A member of the World Health Organization expert team investigating the origins of the coronavirus in Wuhan says the Chinese side granted full access to all sites and personnel they requested — a level of openness that even he hadn't expected.
Peter Daszak told The Associated Press on Friday that team members had submitted a deeply considered list of places and people to include in their investigation and that no objections were raised.
“We were asked where we wanted to go. We gave our hosts a list ... and you can see from where we've been, we've been to all the key places," Daszak said.
“Every place we asked to see, everyone we wanted to meet. ... So really good," said the British-born zoologist, who is president of the NGO EcoHealth Alliance in New York City.
Daszak said the team has now concluded site visits and will spend the next few days trolling through data and consulting with Chinese experts before presenting a summary of their findings at a news briefing prior to their departure on Wednesday.
“I can't really say too much about what we've found yet because we're at that exact point in time where the teams are coming together looking at different pathways, different issues,” he said.
He said questions include what were the first cases, what was the link with animals and what, if any, was the role of the so-called “cold chain” — the possibility the virus was brought into China on packaging from imported frozen food, an unproven theory that China has long put forward.
“And of course, we're looking at every hypotheses that's been out there and seeing where the data take us and do they point to any particular one,” Daszak said.
Daszak had high praise for Chinese experts, who had been preparing for the visit for months, particularly deputy director of the Wuhan Institute of Virology, Shi Zhengli, with whom he worked to track down the origins of Sever Acute Respiratory Syndrome that originated in China and led to the 2003 outbreak.
Some, including people close to former U.S. President Donald Trump, had speculated the Institute may have been the origin of the outbreak because of its large collection of bat virus specimens and that Chinese authorities were covering up the truth.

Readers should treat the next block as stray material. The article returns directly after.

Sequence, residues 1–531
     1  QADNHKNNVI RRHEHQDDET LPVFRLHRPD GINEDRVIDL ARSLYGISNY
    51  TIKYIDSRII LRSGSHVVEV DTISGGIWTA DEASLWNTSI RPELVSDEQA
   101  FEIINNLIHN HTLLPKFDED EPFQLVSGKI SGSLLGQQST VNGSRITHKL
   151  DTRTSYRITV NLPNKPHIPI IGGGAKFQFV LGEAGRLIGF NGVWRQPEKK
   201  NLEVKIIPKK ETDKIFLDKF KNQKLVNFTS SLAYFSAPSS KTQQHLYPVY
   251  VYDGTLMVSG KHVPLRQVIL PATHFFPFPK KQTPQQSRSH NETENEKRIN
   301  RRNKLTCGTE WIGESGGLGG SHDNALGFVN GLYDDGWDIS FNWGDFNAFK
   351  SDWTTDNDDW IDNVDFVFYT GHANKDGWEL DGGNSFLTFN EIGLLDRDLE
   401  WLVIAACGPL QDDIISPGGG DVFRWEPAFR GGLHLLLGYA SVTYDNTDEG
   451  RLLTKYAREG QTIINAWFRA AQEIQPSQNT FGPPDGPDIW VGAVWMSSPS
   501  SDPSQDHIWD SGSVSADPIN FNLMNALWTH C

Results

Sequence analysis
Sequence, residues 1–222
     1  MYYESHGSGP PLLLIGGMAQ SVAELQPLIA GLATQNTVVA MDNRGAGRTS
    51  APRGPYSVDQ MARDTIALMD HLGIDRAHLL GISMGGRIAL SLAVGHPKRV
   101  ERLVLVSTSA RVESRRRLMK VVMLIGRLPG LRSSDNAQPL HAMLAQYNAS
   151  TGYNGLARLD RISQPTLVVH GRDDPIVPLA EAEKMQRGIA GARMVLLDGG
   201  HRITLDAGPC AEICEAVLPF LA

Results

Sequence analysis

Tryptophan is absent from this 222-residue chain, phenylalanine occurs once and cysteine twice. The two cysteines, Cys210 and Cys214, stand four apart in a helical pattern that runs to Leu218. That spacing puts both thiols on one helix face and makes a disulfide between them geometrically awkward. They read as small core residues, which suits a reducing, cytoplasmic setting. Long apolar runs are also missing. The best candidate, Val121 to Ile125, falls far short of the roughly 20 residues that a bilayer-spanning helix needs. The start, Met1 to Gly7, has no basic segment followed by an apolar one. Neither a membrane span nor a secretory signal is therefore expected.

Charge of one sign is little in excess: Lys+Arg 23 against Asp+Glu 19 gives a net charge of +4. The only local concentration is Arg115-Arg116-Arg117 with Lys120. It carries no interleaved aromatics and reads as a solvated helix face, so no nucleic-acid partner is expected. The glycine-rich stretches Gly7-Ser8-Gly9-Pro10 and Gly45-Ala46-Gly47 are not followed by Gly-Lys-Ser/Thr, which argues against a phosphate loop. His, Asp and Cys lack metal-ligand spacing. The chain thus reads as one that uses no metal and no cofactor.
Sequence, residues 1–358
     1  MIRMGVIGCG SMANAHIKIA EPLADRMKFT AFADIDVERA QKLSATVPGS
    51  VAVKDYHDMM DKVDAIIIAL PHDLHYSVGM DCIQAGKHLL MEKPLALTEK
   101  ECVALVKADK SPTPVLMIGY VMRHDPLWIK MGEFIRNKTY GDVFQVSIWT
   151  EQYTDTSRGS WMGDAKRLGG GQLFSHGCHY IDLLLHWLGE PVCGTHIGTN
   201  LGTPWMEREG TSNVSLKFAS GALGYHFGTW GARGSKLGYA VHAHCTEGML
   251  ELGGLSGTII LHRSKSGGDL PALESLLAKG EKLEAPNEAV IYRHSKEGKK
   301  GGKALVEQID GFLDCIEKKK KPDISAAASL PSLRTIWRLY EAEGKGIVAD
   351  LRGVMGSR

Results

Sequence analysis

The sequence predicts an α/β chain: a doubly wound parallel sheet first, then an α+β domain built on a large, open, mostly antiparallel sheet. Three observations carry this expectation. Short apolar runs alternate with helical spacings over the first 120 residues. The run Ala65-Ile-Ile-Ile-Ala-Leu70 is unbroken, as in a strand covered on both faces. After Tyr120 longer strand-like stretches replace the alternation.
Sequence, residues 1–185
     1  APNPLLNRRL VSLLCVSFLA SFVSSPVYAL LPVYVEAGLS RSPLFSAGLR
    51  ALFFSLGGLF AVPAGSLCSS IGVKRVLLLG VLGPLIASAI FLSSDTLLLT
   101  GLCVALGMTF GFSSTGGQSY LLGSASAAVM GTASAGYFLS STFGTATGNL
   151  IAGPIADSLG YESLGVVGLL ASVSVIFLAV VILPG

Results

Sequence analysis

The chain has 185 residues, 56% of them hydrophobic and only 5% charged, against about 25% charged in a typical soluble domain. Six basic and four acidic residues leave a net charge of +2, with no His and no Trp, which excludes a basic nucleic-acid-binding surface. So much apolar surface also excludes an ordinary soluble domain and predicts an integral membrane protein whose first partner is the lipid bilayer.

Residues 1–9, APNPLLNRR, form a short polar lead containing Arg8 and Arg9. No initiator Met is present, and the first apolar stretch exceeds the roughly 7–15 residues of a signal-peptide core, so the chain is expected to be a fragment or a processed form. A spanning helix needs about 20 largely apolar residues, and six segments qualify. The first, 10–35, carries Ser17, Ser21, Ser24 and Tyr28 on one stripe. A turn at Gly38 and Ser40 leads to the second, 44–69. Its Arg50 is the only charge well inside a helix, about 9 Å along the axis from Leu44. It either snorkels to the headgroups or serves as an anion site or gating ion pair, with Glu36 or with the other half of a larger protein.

However, Daszak said they were met during their visit to the high-security institute with a level of openness even he hadn't anticipated, and that suspicions surrounding it had been “politicized on a global scale.”
“The pressure for this institution I'm sure has been intense so it was really good to have, not just me, but this whole group of international experts be able to ask really insightful questions and also to have all the key people in the room when we did that,” Daszak said.
China has strongly denied the possibility of a leak from the lab and has promoted unproven theories that the virus may have originated elsewhere before being brought to Wuhan, including possibly on imported frozen food packaging.
The visit by the WHO team took months to negotiate after China only agreed to it amid massive international pressure at the World Health Assembly meeting last May, and Beijing has continued to deny calls for a strictly independent investigation. Authorities have kept a tight hold on information about the possible causes of the pandemic that has now sickened more than 105 million people and killed more than 2.2 million worldwide.
Daszak said the team was also given wide access when visiting hospitals that treated patients in the initial outbreak at the end of 2019 and beginning of 2020.
“To meet the first clinicians who took in the first patients with COVID, that's incredible ... that you can talk to that person who dealt with that first case and ask her what she saw and ask questions,” Daszak said.
The same level of access was given at the Huanan Seafood Market that was linked to early case clusters, he said. That included meeting with vendors and market managers and touring the market with those who did the original environmental swabbing that produced signs of the virus even after the market had been closed down.
“So this is an in-depth, deep understanding of the sites and the people who were involved,” Daszak said.
Daszak said the investigation by the team, composed of experts from 10 nations, was simply an initial step and that it would likely take years to confirm the origins of the virus. Exhaustive research is needed to pin down an outbreak's animal reservoir, including taking animal samples, genetic analysis and epidemiological studies.
The virus is widely suspected to have originated in bats, which also produced the SARS virus, before being passed to humans through an intermediary species, possibly a wild animal such as a pangolin or bamboo rat, considered an exotic delicacy by some in China. One possible cause is that a wildlife poacher might have passed the virus to traders who carried it to Wuhan but that has yet to be proven.
Among measures taken by China after the initial outbreak, Daszak had specific praise for the 76-day lockdown imposed on Wuhan, a city of 11 million, along with the almost total closure of wildlife markets and breeding farms nationwide.